The phrase goes ‘familiarity breeds contempt’ but I believe there is something to Dallas Willard’s comment in The Divine Conspiracy that “presumed familiarity has led to unfamiliarity, unfamiliarity has led to contempt, and contempt has led to profound ignorance.”
When something becomes common to us, it can likely (and ironically) become that much more unknown to us. Common things are unnoticed, unquestioned, and eventually unseen behind the newer and louder things that overshadow them.
Maybe this is why the cross fits so nicely and neatly with all of the other ‘Easter’ things happening every spring.
This one radical symbol has become as innocuous as the edible Easter bunny it is tucked behind. Sadly, this doesn’t just happen to the symbols of Easter, but also is true for the real meaning of Easter.
Even with a story as beautiful and powerful as Christ’s death and resurrection, there are people in every Easter service who have, no doubt, allowed a sense of familiarity to creep in. The regular church attender may experience a loss of ‘luster’ for the Easter story because of regular church attendance. The Chreaster’s (Christmas + Easter) annual visits are all muffled into one and become predictable.
The Challenge of Communicating the Timelessness of Easter In Timely Language
Every pastor or teacher lives in this reality as they approach the creation of their Easter sermon outline. Their challenge is not how to change the story or make it more appealing. The Gospel stands on its own. Their challenge is to communicate the Good News in new, fresh, and unique ways that connect the listener to the power of the resurrection.
Narrative is how God passed along his story from generation to generation. Parable is how Jesus communicated the truths of the Kingdom of God to those who had become familiar with religion.
A compelling narrative story is a very powerful tool for penetrating familiarity and allowing the Holy Spirit to instill awe, wonder, conviction, and challenge the soul.
Pastors, do not approach Easter Sunday relying upon only the stories and experiences familiar to you. In preparation for Easter Sunday, allow yourself to be exposed to new, fresh, compelling, and timely ideas that other pastors, leaders, thinkers, and believers have birthed into the world through the power of the Holy Spirit.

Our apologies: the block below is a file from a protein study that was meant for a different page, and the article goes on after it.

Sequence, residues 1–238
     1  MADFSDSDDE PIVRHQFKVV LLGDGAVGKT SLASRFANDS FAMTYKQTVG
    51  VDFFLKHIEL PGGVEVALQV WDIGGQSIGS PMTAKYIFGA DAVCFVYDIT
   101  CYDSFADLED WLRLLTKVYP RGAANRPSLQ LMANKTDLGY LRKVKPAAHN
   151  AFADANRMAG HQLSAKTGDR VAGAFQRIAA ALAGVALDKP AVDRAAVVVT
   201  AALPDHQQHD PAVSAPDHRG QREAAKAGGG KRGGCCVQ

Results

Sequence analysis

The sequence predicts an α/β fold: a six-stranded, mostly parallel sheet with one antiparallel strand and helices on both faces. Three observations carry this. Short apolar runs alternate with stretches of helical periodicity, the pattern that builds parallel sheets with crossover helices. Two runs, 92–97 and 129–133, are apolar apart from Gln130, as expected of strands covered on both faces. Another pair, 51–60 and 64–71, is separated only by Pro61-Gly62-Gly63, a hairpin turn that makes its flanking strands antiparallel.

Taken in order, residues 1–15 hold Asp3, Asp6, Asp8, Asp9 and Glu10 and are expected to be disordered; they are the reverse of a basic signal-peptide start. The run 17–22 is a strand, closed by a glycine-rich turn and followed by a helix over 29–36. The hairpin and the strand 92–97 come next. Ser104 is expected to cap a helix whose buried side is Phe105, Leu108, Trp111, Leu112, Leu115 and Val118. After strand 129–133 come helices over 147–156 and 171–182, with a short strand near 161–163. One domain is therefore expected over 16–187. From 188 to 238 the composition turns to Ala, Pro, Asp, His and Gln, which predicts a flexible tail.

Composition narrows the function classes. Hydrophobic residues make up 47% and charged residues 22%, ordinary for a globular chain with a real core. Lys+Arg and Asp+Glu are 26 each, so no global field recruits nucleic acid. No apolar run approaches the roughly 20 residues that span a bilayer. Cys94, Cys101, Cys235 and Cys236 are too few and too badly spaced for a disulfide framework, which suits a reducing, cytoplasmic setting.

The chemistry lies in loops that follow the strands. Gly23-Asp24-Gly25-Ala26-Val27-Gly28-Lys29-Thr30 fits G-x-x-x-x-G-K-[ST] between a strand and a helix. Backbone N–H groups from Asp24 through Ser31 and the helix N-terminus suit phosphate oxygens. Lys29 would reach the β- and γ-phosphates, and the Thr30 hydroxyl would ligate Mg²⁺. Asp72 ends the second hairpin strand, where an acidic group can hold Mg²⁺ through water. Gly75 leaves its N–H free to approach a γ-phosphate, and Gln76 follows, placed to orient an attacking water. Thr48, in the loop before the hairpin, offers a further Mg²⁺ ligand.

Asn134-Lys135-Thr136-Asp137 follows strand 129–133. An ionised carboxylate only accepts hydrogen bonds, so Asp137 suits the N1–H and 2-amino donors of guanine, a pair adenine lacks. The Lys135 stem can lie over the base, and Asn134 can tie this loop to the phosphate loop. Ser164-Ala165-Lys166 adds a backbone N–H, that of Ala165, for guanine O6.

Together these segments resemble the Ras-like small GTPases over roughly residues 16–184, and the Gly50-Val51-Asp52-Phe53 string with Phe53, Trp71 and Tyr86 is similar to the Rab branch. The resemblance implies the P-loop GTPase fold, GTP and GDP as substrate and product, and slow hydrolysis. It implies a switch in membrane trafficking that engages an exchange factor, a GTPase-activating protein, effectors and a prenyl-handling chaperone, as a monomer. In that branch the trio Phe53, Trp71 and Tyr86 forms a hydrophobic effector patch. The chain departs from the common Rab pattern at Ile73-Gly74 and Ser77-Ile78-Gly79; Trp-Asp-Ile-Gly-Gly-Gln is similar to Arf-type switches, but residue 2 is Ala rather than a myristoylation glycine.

Easter Ideas to Inspire and Coordinating to Resurrection Sunday
If you don’t know where to start — start here with a collection of 50 Easter Sermon Ideas. Use the examples as is or rely upon them to inspire you in your preparation. The point is to go into Easter with a plan to communicate the same story in a way that respects the here and now.
Be sure that whatever themes and ideas you lean upon in your sermon, those same themes and ideas are present throughout your entire Easter celebration experience. Put together an Easter service plan that will coordinate every moment prior to Easter to anticipate Resurrection Sunday and every moment after, to creating disciples.
Dallas Willard’s words are true… “presumed familiarity has led to unfamiliarity, unfamiliarity has led to contempt, and contempt has led to profound ignorance.” This statement is not only true of those sitting in the pews, but can also those manning the pulpit. This is your invitation to make yourself unfamiliar with the Easter story and tell it in a new and amazing way.